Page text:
9028.90.00 Parts and accessories


Whether the meter swivels and the nuts are tube or pipe fittings of heading 7307.


Under General Rule of Interpretation (GRI) 1, Harmonized Tariff Schedule of the United States (HTSUS), goods are to be classified according to the terms of the headings and any relative section or chapter notes, and provided the headings or notes do not require otherwise, according to GRIs 2 through 6.

The Harmonized Commodity Description and Coding System Explanatory Notes (ENs) constitute the official interpretation of the Harmonized System at the international level. Though not dispositive, the ENs provide a commentary on the scope of each heading of the HTSUS. Customs and Border Protection believes the ENs should always be consulted. See T.D. 89-80, 54 Fed. Reg. 35127, 35128 (Aug. 23, 1989).

In its September 24, 2004, submission, counsel maintains that because gas meters are without question provided for in heading 9028, the meter swivels are parts and accessories principally used with such meters and are thus classifiable in subheading 9028.90.00, HTSUS. In addition, for reasons that follow, neither the swivel nuts nor the union nuts are within the common and commercial meaning of the term “pipe fitting.” Counsel maintains that CBP has clearly misunderstood the function and use of pipe fitting nuts and that HQ 965939, dated July 16, 2003, as well as other rulings classifying substantially similar merchandise in provisions of heading 7307, HTSUS, are in error and should be revoked. Finally, counsel claims that the swivel nuts and union nuts are classifiable eo nomine as nuts of iron or steel, in subheading 7318.16.00, HTSUS, or, alternatively, as other threaded articles, in subheading 7307.19.00, HTSUS.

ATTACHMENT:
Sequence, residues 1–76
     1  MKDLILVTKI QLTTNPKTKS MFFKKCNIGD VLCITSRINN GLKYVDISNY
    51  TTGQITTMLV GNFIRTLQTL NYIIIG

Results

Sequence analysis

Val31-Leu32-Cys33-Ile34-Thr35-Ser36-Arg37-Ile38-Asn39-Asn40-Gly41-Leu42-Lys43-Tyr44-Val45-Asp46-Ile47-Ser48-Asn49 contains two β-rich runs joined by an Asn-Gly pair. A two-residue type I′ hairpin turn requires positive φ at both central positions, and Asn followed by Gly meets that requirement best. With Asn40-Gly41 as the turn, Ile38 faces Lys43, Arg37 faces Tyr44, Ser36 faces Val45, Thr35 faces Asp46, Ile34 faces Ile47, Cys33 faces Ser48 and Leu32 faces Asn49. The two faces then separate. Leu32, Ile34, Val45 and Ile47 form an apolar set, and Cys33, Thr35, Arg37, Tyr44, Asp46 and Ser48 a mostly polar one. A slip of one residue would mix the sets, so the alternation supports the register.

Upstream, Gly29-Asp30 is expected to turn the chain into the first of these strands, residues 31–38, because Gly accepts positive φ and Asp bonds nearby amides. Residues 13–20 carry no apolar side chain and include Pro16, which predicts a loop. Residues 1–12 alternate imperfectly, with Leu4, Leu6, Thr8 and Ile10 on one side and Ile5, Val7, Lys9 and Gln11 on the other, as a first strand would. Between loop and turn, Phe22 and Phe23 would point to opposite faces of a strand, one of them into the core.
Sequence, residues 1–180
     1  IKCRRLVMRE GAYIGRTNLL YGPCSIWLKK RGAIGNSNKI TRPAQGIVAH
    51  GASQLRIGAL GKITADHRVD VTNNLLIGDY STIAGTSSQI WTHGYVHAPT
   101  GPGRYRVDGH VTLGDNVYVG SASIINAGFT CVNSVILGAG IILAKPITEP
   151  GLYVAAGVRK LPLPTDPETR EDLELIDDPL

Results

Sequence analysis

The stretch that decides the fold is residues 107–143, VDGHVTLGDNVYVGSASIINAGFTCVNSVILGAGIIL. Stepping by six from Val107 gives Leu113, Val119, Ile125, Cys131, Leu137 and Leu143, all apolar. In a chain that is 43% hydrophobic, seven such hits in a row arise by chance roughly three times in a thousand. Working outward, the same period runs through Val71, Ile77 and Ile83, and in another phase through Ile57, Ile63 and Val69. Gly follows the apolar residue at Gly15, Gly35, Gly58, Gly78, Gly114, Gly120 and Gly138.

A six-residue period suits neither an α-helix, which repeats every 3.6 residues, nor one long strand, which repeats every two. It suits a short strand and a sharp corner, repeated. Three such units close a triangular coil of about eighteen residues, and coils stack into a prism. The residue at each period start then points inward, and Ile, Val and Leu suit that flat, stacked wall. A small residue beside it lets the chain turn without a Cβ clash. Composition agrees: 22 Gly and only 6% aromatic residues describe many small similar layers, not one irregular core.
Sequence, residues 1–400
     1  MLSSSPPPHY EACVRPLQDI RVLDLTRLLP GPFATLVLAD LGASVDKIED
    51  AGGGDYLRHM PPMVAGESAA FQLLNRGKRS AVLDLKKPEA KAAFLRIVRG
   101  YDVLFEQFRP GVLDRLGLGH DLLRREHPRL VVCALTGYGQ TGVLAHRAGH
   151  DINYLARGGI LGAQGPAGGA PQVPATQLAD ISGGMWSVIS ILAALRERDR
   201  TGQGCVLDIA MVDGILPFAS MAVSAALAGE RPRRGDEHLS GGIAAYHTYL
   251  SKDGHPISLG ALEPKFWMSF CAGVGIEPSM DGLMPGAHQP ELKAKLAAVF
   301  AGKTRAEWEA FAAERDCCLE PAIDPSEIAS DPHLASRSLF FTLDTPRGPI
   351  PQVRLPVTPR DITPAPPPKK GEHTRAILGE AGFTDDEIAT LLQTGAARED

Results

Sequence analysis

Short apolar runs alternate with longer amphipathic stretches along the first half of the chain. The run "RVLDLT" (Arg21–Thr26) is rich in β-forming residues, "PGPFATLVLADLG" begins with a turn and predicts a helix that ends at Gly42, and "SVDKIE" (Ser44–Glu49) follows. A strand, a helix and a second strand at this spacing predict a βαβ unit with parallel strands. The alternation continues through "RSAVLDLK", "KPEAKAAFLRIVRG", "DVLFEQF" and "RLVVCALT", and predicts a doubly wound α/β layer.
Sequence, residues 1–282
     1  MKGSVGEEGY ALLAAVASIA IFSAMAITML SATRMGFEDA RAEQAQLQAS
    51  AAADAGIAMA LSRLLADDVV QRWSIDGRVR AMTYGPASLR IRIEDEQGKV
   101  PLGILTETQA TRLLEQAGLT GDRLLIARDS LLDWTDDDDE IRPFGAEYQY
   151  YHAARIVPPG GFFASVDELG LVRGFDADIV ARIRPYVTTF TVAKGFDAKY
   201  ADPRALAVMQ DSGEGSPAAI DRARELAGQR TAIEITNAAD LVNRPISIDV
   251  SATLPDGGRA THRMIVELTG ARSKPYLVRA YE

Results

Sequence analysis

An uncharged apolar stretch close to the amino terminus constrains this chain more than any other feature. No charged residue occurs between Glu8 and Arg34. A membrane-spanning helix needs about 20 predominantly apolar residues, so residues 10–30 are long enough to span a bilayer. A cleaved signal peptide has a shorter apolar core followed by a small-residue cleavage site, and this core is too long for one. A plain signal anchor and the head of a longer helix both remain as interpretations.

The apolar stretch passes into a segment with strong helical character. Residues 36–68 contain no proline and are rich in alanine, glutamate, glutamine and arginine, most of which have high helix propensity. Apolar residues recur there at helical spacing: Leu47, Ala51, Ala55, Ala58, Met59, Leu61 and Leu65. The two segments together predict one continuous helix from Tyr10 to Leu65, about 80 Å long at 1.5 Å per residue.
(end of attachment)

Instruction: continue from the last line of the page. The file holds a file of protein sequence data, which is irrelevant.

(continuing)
Counsel’s claim is that a reading of the ENs and relevant CBP rulings on similar merchandise indicates that goods of heading 7307 must join together pieces of pipe by connecting the bores of two tubes together, connect a tube to some other apparatus or close the tube aperture, and must extend or form a part of the piping system by forming an integral part of the bore. Counsel asserts that neither the meter swivel nor the nuts conform to this description. The meter swivels and swivel nuts connect gas meters to gas meter bars; they do not join pieces of pipe together, citing NY K83125, dated March 10, 2004. Union nuts are used to fasten insulated unions to gas meter bars or gas meter valves; they do not connect directly to the gas pipe. It is the insulated union that is the pipe fitting, as it is connected directly to the gas pipe. Counsel notes the insulated union is not classifiable as a pipe fitting because it is made of rubber and steel or brass. Because the union nut connects insulated unions to gas meter bars or gas meter valves and the insulated unions are considered pipe fittings and not pipes or tubes per se, they connect a pipe fitting to an apparatus, a function not described by the 73.07 ENs.